“It’s because we’re going to see someone who’s on the pit crew, for example, might find their peak stress is Saturday morning, and that can impact their digestion and other facets. “, adds Lujan.
“Maybe the jack person has low back pain issues for example, so we can focus on how we can look at physical therapy and the right strength exercises so we can get the right products.
“We look at the overall gains for the organization as a whole. Obviously, we will take them and create new innovative products and protocols. »
It feels almost utopian and feels more like a laid back new age retreat than the confines of a bustling pitlane. But there’s also a lot of realism involved via previous work with IndyCar teams and other athletes where the results have paid off.
If someone has a performance boost on you, it’s no different than any other progress you’d see with an EV motor or suspension :: Eric Lujan, Craft 1861
Formula E races involve weeks of direct preparation, including early starts and late finishes in the dimly lit hydraulic dungeons of driver simulators in the loop. Then there’s the E-Prix itself: a hazy whirlwind of sessions, data analysis, media and sponsor engagements before the grid even comes together.
“It’s not just about sleeping to rest at night, but what we have to do is find ways to hack into the body’s recovery system,” says Lujan.
“And it can even be with breathing and meditation techniques which can happen in blocks of 10-20 minutes between sessions, to help get back in the zone.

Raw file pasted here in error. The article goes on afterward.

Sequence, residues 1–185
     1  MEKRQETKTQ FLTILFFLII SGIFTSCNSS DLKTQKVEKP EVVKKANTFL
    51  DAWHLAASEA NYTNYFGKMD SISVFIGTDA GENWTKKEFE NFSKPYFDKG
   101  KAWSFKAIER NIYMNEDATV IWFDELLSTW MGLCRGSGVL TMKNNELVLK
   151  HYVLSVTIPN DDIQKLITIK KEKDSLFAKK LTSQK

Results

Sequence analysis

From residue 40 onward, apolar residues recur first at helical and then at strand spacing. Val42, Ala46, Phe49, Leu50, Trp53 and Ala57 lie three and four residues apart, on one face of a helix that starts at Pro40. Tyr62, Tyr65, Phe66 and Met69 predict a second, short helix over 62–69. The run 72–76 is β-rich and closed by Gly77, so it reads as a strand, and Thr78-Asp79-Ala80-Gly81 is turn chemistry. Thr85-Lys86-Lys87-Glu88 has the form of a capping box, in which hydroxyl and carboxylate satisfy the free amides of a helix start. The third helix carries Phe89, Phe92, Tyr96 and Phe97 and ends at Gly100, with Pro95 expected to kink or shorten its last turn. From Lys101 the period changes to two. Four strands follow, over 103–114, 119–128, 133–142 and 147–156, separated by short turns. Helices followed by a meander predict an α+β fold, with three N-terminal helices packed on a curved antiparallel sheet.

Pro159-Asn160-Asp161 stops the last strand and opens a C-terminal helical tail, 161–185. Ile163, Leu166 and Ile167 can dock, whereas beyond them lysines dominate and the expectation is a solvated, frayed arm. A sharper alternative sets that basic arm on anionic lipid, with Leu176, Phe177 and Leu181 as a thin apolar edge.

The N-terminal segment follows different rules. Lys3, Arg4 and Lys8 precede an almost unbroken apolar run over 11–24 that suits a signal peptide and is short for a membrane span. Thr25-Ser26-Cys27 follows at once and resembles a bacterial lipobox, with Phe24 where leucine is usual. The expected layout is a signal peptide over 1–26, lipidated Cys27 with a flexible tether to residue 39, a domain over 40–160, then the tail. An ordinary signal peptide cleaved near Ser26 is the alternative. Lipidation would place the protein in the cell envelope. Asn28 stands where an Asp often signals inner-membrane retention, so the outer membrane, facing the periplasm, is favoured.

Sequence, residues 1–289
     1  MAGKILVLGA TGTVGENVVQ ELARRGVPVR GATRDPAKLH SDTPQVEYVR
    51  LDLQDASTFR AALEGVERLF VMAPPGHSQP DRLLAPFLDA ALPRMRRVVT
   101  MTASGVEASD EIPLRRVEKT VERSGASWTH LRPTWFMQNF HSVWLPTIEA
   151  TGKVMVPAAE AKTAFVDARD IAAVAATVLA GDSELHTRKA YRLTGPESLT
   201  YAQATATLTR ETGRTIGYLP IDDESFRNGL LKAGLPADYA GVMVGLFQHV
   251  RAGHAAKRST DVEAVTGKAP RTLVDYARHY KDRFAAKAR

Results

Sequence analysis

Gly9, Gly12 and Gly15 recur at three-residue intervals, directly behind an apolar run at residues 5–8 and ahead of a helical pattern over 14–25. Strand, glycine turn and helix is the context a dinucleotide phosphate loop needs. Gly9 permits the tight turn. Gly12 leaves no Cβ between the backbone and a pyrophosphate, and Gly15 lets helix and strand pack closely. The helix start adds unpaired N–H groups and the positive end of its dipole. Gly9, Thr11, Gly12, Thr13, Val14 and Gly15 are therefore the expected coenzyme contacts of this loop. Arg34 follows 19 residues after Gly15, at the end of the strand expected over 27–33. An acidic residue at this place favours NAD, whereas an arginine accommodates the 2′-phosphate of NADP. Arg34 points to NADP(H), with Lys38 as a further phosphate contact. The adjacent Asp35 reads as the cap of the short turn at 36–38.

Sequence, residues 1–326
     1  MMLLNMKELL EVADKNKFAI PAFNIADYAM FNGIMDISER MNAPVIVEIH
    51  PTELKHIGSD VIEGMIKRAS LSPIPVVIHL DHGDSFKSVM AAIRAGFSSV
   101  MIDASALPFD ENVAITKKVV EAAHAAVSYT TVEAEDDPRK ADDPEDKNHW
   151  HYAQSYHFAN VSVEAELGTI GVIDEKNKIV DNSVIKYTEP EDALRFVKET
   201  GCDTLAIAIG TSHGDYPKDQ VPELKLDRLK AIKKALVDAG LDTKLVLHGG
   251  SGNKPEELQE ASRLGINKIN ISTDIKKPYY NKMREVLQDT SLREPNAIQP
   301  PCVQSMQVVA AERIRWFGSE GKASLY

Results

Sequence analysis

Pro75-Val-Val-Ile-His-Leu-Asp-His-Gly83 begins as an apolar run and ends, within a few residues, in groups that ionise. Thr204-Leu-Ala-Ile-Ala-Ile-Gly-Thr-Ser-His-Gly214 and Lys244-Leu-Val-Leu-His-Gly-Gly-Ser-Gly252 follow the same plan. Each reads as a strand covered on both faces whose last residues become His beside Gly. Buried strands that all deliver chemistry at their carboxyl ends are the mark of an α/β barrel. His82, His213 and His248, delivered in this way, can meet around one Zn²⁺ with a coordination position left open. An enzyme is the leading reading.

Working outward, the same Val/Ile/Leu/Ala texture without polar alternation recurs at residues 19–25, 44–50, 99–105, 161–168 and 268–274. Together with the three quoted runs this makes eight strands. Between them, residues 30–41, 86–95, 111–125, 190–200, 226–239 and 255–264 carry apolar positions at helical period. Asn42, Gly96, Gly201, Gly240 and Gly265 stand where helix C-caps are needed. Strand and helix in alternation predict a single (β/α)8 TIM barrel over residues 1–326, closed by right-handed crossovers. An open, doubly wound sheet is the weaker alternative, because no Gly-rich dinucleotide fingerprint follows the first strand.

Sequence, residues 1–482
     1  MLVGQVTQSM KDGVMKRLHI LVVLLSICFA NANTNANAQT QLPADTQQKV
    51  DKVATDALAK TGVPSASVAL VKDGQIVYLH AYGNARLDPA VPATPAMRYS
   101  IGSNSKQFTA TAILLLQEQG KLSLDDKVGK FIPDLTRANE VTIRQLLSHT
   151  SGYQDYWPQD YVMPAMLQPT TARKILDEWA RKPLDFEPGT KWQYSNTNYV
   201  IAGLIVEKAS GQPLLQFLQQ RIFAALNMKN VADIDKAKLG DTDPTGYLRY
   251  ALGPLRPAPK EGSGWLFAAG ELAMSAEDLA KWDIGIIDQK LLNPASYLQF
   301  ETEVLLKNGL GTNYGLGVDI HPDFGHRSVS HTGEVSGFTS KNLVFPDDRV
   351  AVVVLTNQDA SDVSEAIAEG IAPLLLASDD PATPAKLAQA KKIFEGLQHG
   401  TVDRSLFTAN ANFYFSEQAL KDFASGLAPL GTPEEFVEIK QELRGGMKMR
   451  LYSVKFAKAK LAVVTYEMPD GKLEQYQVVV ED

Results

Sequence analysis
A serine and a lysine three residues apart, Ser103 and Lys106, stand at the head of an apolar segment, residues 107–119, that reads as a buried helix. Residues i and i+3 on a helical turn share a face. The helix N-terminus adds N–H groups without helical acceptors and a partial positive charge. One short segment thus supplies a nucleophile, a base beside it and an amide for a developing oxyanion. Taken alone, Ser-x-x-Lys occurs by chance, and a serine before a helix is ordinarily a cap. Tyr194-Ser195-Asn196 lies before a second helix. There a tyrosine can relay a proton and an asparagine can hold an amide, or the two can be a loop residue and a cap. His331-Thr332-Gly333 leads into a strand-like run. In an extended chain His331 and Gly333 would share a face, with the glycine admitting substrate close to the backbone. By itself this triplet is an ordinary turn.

“So there’s a lot of strategy beyond just going to lay down in your hotel room and sleeping for eight hours, which isn’t always possible.”
D’Ambrosio believes that the opportunities to hone human development, not only in matters of sleep but also in overall mental performance, can be presented in Formula E and highlighted for society at large.
“That’s where the opportunity lies, not just for us as a team, but to be able to bring more wellness performance to everyone,” he says.
“It’s like ABS. An automated system developed in racing, and it helps give performance and in a more beneficial way in the grand scheme of things to everyone, normal road cars [users].
“We’re going to refine the processes, we’re going to work together to refine the technology, which is Craft 1861 recipes, and the stress testing – everything – so that ultimately it comes back into the world. everyday so that everyone can use.”
Ultimately, the motivation is competition. Drivers and teams know they will be defined by the points table at the end of the season.
In 2022, a season with a grid full of quality drivers competing in the fourth and final season of a well-sorted set of rules, the margins are tiny.
“One thing we certainly know about all professional athletes, but especially in motorsport, where the difference can be a few hundredths of a second, is really that any marginal gain you can get is vital,” says Lujan.
“Will it be something that other race car drivers and other teams adopt? I think the answer is absolutely yes.
“If someone else gets a performance boost on you, it’s no different than any other progress you’d see with an EV motor or suspension or whatever.”
Drivers can often be a finicky bunch in and out of the cockpit. Yet if something is proven to give them a contributory performance advantage, they will embrace it fully, even if it’s optimizing their zzzs or managing their thoughts.
And Ronaldo’s dreams? I think they will be mostly about himself, his goals, and himself, but not necessarily in that order.